Pastor’s Message: The Flood Is Not A Message From God With AM-Flood Rdp, Bjt
HOLTS SUMMIT, Mo. (AP) _ Though their homes may be submerged, their lives disrupted for who knows how long, the Rev. Myron Couch wanted his parishioners to know: God does not use floods to send messages.
″God doesn’t prevent bad things from happening to people,″ the Baptist preacher told both his congregations, as they gathered together. ″But God is with us in everything we experience, and God is ministering to our spiritual needs now.″
All over central Missouri, the Sunday morning airwaves carried similar messages of reassurance. Don’t grieve, the voices said consolingly, this is an opportunity for you to renew your faith.
The message is one Couch believed the faithful from his congregation in nearby Cedar City especially needed to hear. He could not go to them; their beloved church is full of water and, like many of the homes swept flat by the flood, may prove beyond repair.
Lying on bottomland across the Missouri River from Jefferson City, Cedar City takes on water every six or seven years when the river overflows.
But the flood of ’93 is without precedent, pouring over houses, mobile homes, businesses and churches. The town’s 400 residents fled a month ago and must remain scattered until the river slowly recedes.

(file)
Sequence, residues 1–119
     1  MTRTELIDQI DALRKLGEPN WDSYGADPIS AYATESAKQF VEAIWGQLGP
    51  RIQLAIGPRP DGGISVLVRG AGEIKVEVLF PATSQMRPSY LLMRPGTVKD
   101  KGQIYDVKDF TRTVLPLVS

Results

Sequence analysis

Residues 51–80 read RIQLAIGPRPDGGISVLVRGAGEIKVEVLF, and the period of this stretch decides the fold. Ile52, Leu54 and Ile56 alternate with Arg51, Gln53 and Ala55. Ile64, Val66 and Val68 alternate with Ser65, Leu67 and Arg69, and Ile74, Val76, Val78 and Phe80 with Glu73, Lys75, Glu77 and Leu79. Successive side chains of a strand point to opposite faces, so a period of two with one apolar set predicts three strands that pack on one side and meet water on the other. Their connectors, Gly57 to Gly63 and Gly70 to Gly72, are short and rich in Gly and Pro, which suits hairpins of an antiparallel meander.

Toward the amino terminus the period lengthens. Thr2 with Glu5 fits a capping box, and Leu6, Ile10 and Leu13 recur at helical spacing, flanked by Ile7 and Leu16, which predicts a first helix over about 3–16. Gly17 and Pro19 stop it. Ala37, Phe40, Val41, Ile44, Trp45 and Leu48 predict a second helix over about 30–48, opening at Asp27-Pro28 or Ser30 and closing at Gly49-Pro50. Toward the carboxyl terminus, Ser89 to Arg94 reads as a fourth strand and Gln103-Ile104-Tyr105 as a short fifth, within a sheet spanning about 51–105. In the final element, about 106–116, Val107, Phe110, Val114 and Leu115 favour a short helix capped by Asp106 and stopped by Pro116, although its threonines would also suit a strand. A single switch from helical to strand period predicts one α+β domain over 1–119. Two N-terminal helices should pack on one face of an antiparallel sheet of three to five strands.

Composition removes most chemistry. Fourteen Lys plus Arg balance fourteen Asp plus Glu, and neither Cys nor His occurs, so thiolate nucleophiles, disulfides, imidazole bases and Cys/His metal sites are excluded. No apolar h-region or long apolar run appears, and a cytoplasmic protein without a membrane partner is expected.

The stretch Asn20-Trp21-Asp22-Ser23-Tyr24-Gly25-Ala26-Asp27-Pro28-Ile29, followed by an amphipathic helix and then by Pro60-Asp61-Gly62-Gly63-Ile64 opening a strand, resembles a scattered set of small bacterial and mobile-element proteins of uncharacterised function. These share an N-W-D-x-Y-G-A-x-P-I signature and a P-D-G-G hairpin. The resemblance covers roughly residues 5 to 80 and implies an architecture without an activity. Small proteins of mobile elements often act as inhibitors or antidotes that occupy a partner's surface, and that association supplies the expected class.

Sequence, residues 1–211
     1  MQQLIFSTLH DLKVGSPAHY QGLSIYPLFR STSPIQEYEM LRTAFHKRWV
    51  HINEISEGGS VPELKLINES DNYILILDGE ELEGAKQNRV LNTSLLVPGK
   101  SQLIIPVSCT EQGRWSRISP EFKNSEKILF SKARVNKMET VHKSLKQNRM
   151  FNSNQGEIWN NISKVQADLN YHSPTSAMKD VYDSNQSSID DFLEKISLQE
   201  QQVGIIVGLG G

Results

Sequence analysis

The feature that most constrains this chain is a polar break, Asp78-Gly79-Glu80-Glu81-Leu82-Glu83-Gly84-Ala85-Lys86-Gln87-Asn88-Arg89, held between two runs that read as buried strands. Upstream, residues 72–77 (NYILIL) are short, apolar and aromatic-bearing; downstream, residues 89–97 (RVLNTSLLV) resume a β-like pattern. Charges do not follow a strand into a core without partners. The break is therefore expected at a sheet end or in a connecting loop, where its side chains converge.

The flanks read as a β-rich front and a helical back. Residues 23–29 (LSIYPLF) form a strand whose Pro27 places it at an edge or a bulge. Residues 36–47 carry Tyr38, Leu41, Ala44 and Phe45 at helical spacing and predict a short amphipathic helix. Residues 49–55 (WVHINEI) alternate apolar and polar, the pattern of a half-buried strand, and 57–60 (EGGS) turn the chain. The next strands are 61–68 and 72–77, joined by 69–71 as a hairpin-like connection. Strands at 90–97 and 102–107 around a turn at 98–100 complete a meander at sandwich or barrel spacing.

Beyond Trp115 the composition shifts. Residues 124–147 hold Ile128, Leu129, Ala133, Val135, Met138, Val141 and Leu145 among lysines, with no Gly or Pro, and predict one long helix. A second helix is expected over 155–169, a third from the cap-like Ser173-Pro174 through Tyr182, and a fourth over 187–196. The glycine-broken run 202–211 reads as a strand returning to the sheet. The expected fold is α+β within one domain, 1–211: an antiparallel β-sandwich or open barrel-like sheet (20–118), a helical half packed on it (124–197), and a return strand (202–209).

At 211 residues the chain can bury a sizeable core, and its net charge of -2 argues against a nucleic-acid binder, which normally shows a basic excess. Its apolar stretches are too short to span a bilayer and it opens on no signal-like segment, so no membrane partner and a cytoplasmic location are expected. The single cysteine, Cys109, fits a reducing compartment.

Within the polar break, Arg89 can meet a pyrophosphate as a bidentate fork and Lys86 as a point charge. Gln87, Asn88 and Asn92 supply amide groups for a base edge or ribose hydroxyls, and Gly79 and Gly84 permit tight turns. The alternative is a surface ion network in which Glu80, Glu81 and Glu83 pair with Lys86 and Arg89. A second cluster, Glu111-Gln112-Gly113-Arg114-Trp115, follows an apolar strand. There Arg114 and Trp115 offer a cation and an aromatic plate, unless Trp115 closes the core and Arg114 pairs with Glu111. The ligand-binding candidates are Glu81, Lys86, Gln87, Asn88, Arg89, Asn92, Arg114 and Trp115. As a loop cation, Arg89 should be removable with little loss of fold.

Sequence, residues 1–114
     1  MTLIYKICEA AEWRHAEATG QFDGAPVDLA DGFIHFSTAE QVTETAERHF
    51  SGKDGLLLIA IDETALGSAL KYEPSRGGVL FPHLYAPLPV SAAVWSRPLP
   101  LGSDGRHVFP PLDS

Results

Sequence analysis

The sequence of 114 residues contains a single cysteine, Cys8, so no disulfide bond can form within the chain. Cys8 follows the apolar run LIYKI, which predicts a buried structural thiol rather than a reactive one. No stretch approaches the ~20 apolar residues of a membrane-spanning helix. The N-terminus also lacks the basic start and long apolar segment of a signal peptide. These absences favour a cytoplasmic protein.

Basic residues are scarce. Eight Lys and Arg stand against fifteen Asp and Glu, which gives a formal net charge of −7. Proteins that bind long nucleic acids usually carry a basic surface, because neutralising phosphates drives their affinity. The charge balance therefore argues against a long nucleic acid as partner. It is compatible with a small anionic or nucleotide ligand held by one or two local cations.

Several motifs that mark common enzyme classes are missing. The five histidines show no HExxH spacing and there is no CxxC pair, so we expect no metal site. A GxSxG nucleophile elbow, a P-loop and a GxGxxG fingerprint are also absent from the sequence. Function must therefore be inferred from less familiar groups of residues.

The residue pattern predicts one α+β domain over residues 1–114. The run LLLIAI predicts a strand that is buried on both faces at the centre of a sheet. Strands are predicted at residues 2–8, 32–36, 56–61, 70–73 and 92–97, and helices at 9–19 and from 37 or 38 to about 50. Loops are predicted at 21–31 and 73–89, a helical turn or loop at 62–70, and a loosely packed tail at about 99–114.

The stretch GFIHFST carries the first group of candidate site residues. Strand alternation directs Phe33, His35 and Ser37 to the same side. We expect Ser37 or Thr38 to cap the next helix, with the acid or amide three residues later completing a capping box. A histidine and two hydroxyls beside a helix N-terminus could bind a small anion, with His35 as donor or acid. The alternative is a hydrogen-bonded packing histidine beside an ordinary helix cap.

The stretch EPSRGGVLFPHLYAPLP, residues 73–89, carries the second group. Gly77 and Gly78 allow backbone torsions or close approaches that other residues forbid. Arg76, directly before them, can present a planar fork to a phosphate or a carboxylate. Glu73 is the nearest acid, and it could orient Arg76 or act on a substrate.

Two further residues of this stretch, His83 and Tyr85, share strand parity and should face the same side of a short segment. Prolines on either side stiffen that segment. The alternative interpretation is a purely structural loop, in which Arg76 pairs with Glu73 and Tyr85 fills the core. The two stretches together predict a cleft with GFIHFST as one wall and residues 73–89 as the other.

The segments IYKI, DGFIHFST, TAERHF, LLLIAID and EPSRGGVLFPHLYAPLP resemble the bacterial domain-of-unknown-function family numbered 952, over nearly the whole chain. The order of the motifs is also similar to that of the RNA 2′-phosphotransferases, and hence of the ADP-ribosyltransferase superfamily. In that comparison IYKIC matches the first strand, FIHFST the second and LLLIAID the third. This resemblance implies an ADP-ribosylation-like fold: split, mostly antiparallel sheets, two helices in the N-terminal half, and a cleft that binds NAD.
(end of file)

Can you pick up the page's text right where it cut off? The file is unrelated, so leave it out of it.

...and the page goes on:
The Rev. JonnaLee O’Dell has sought to deliver the same reassurances to the congregations of the four United Methodist churches she serves, including one in Cedar City, which has water ″to the ceiling,″ she said.
For those worshippers, the loss of the church - formed more than 100 years ago - has compounded the tragedy, for the church is a center of community life.
″What I have been trying to help people understand is that in the midst of this, God grieves with us, and that our faith provides us with what we need to come out on the other side,″ O’Dell said.
Couch’s flock here is working to build a church, so both his congregations gathered in a local Lion’s Club building. The two dozen people heard Couch read from John 7:25 about ″streams of living water″ - which the minister said was planned long before the floods - and sang hymns, accompanied by a portable electronic keyboard.
The men were in their suits, the women in dresses - even the worshippers from Cedar City. They knew the river, they knew what it could do, and so they had plenty of time to clear out their houses before the first devastating crest swamped their town.
After weeks of endless rain and ominous, crashing thunderstorms overnight, the sun shone intensely Sunday. It was hot. It felt good.
For Beverly Coots of Cedar City, there was no question about coming to church.
″It lifts your spirits to know the Lord is with you,″ she said. ″It shows you that material things can be taken away from you and it’s not that bad, because the Lord will provide.″